La Prairie has been at the forefront in the introduction of expensive anti-aging products for more than three decades. Many of the products in this originally Swiss skin-care line are called "cellular treatment." After a while, it all starts sounding silly. The attempt to align these products with the concept of being able to affect skin at the cellular level is over the top, although when it comes to making the ordinary sound extraordinary, La Prairie excels.
Assuming your skin could improve with these products, the prices alone might cause premature aging! So what do the women who can safely afford these products get for their money? The prestige of knowing they can afford them, period. High-priced skin-care lines attract women who think that the dollars they spend will buy them something special that most other women can't afford. To some extent, they're right: most women can't afford these products. Yet anyone who reads and understands the ingredient lists would find that price doesn't reliably translate into having better skin. What you're really getting from this line is a barrage of look-younger-now claims not backed up by one shred of substantiated scientific evidence, and a group of unimpressive formulations.
A particularly egregious error appears in the number of La Prairie moisturizers (and my goodness, does this company love moisturizers!) that arrive in jar packaging. La Prairie is in-the-know about the importance of antioxidants and cell-communicating ingredients for skin, yet almost all of their products that contain such ingredients ignore their vulnerability to oxidation. Containers like these ensure that these products will deteriorate shortly after you begin using them. Considering the premium prices, that is an almost unforgivable offense. At least the company gets their facial sunscreen right by including sufficient UVA-protecting ingredients. However, it's interesting to find that a visit to the La Prairie counter involves a lot more discussion about their moisturizers, ampoules, and other "treatment" products, while all the time you know that the only reliable antiwrinkle product everyone needs to use is sunscreen.
For more information about La Prairie, owned by Beiersdorf, call (800) 821-5718 or visit www.laprairie.com.
La Prairie Makeup
The brief makeup section in La Prairie's catalog poses the question "Consider the number of hours a day you wear makeup. Shouldn't the foundation you wear be an extension of your treatment program?" Well, calling most of La Prairie's skin-care products a "treatment" is a bit of a joke as what they seem to mean by "treatment benefit" has to do with the company's Cellular Complex, but that isn't complex in the least. This complex is primarily glycoproteins. Although it's true that glycoproteins are an integral part of the skin's intercellular matrix, they are far from the only element skin needs to look and feel its best. Functioning primarily as water-binding agents, glycoproteins won't firm, lift, or rejuvenate skin cells in the manner La Prairie would like you to believe. Further, of the makeup products below, only the ultra-pricey foundations contain a significant amount of this complex, and they have drawbacks of their own.Overall, La Prairie's makeup leaves much to be desired, especially given the high to ludicrous prices for what amount to ordinary cosmetics. A few of the products have supple, silky textures, but the expense is hard to justify when similar items are available for substantially less from so many other lines. Many of the products below earned happy face ratings, but keep in mind that you do not have to acquiesce to La Prairie's prices to beautify your face.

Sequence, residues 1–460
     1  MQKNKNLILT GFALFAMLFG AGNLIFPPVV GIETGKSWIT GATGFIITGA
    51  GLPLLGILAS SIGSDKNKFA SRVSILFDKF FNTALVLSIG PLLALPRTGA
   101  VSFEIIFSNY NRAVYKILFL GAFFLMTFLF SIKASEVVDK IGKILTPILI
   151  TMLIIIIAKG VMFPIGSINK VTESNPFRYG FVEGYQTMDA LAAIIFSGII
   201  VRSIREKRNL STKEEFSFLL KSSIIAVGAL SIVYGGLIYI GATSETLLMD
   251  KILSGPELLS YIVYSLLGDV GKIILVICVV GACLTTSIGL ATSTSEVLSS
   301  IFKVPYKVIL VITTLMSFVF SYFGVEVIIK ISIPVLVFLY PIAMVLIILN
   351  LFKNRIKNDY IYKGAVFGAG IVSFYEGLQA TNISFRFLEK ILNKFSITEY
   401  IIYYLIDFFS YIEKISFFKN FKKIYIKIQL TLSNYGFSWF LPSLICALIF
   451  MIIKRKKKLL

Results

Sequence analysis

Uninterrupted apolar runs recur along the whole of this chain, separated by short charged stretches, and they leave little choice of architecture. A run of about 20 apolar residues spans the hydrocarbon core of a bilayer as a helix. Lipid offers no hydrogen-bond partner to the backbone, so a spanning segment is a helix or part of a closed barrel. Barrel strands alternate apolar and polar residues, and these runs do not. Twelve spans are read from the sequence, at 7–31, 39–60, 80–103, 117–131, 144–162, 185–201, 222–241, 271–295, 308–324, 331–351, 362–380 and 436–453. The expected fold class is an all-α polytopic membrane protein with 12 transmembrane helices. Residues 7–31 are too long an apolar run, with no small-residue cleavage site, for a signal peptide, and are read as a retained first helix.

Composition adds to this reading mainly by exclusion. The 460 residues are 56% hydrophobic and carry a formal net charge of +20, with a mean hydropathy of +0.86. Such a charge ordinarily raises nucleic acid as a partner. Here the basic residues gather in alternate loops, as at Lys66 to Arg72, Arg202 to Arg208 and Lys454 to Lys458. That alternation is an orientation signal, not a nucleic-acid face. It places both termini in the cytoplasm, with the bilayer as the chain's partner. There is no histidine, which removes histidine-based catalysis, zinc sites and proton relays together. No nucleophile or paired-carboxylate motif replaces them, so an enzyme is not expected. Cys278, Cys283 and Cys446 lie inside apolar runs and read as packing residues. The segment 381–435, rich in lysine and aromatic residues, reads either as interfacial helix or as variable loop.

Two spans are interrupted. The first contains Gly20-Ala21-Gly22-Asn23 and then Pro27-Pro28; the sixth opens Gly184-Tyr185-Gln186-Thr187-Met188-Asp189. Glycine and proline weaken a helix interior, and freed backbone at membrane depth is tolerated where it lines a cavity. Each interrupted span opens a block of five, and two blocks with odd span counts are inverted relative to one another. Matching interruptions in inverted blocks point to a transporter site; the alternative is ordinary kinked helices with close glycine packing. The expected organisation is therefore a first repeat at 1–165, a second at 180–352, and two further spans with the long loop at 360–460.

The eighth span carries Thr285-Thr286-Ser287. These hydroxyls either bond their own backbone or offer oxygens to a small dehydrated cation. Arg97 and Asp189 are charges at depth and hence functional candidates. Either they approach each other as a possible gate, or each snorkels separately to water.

The Beautypedia and Paula’s Choice Research teams have one mission: To help you find the best products for your skin, whether they’re from Paula’s Choice or another brand. By combining efforts, we’re able to share scientific research and remain committed to the highest standards based on our decades of experience objectively reviewing thousands upon thousands of skincare and makeup formularies in all price ranges.
Beautypedia cuts through the hype to bring you product insights and recommendations you won’t find anywhere else!